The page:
You know how sometimes you can smell something, or hear a piece of music and you will be instantly transported back to a time and a place you associate with that sense? Well, sometimes, all it takes is an email.
I met Peter and Deborah when I was twelve years old. I was walking the downtown of my home town, bold as brass, stopping into stores to ask for work. At twelve.
Just in front of me on the hill, there was a little girl with white blonde hair playing on the steps to a store. I stopped and talked to her, completely beguiled by her faery-like looks, her bright enormous blue eyes and her absolute openness and sunny demeanour. Her name was Emily. She was three years old. She told me it was her parent’s store and so I went inside.
The Space Between was a beautiful little store and everywhere I looked there were things that caught my attention in a totally 12 year old way. I didn’t want the ‘things’. I wanted to be among them every day. It was like stepping into another world, which is likely what they were going for. Emily took me by the hand and introduced me to her parents. They were thrilled with my gumption to ask for employment and they gave it to me. Not in the store, but as Emily’s babysitter. Thus began a friendship and a second family that has lasted until this day.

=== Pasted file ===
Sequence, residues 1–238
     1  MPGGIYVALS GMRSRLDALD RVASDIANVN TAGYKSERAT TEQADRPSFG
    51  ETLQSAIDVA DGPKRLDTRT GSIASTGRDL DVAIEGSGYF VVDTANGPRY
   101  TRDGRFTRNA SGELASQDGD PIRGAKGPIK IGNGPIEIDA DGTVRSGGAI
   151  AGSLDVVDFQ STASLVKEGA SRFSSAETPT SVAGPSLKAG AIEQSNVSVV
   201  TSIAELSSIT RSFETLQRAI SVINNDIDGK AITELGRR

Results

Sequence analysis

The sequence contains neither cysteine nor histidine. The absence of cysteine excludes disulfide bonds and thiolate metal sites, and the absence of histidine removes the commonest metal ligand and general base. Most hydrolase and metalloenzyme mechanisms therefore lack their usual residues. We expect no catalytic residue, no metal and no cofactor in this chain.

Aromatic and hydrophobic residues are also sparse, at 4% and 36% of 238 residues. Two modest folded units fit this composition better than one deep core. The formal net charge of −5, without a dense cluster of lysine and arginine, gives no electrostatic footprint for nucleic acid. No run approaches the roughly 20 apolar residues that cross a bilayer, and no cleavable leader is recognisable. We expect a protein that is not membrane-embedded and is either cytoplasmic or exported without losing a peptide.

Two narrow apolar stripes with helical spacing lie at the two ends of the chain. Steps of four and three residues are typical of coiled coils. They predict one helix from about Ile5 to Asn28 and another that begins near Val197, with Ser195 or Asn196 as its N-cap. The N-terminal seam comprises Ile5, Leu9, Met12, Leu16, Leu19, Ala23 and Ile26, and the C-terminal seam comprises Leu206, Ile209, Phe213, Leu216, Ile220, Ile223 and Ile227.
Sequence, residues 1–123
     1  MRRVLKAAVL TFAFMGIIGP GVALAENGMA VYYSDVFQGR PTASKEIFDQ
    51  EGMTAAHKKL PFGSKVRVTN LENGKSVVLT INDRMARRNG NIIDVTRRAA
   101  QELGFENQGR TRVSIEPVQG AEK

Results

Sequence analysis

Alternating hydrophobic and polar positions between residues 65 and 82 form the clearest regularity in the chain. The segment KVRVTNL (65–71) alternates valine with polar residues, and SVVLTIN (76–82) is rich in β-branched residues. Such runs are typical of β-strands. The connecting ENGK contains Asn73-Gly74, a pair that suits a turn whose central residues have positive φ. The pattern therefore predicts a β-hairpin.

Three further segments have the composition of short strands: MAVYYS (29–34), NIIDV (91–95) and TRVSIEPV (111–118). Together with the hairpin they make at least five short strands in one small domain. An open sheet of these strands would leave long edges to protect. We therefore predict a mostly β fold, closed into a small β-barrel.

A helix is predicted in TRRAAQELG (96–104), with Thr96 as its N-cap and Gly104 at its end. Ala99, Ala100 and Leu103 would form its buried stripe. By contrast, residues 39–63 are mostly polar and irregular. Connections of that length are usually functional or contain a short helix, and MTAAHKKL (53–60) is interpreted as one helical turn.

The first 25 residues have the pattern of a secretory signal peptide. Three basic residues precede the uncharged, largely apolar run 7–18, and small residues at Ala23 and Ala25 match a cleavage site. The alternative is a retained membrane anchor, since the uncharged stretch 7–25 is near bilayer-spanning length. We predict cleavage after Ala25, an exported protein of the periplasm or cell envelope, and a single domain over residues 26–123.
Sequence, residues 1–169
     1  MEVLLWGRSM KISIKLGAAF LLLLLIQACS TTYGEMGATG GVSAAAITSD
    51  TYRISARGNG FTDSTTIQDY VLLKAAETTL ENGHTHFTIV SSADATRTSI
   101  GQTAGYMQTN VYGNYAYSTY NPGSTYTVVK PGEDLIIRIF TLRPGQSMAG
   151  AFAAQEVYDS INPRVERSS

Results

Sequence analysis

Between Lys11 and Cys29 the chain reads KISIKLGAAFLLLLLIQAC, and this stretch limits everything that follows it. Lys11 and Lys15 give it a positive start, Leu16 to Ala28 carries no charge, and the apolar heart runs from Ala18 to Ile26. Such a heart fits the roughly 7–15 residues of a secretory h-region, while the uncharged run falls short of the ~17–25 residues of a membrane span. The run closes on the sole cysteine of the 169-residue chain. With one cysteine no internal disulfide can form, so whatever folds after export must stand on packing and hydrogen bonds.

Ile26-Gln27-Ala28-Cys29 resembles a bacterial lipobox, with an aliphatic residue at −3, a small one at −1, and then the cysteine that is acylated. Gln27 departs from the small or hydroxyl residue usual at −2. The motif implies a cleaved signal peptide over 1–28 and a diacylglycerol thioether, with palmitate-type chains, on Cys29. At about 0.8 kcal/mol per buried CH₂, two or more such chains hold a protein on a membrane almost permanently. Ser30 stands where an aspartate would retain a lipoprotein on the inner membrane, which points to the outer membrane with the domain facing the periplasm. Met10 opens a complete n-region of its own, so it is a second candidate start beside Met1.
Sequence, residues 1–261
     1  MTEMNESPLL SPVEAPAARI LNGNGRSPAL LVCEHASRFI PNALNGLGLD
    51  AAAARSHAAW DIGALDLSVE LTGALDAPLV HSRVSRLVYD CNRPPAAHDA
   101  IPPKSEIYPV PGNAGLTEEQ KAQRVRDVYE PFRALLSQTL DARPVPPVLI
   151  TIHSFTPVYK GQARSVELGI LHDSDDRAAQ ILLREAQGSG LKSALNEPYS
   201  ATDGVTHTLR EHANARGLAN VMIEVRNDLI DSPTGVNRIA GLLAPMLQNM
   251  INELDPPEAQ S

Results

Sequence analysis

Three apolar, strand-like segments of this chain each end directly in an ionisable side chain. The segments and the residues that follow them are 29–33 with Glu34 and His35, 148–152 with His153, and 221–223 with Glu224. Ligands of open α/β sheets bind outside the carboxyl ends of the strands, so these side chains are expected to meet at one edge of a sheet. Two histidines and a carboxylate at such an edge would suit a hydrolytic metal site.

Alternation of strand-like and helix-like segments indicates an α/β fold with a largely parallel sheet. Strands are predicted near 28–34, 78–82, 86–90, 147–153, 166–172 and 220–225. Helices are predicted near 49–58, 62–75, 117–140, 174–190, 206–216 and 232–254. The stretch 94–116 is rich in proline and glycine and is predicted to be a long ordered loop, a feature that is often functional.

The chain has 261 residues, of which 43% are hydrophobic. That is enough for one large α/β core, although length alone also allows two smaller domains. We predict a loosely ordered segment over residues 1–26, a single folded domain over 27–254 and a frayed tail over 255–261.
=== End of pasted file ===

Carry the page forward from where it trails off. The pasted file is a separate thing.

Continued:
I was like Emily’s older sister. Nine years between us and we were together all the time. Her family integrated with mine and we melded together. I went with her family on holidays, they came to my parents house all the time. Emily and I parted ways as caregiver and child when I was around 18 and fell pregnant with my oldest and she stopped needing me around to watch her as much, but we never got out of touch. Our relationship just changed as she was getting ready for her teen years and I was busy saying goodbye to mine. But Peter and Deborah, I loved them as secondary parents. I made it a point to say hello whenever I came back to my home town for a visit.
A few years ago, Deb became very ill. I only saw her twice in that time. But she was still Deb to me, no matter how much weight fell off her already small frame. When she passed away, I felt it physically.
I’m thinking about her today after an email from Peter. We live so far away from him now, different provinces and yet, when I read his words it’s his voice I hear in my head. When I see Deb’s name on the screen, it’s her smile that lights up in my mind.
So today, Deborah, I think of you. I think of the many conversations we had and the many, many hugs. I think of the times I listened to you sing and the way you always made me feel like my voice was so important. I think of you and I know that even though you are gone, you are not always far away. I can call you up whenever I want and listen to your wisdom and laughter, because you will always live on, in me.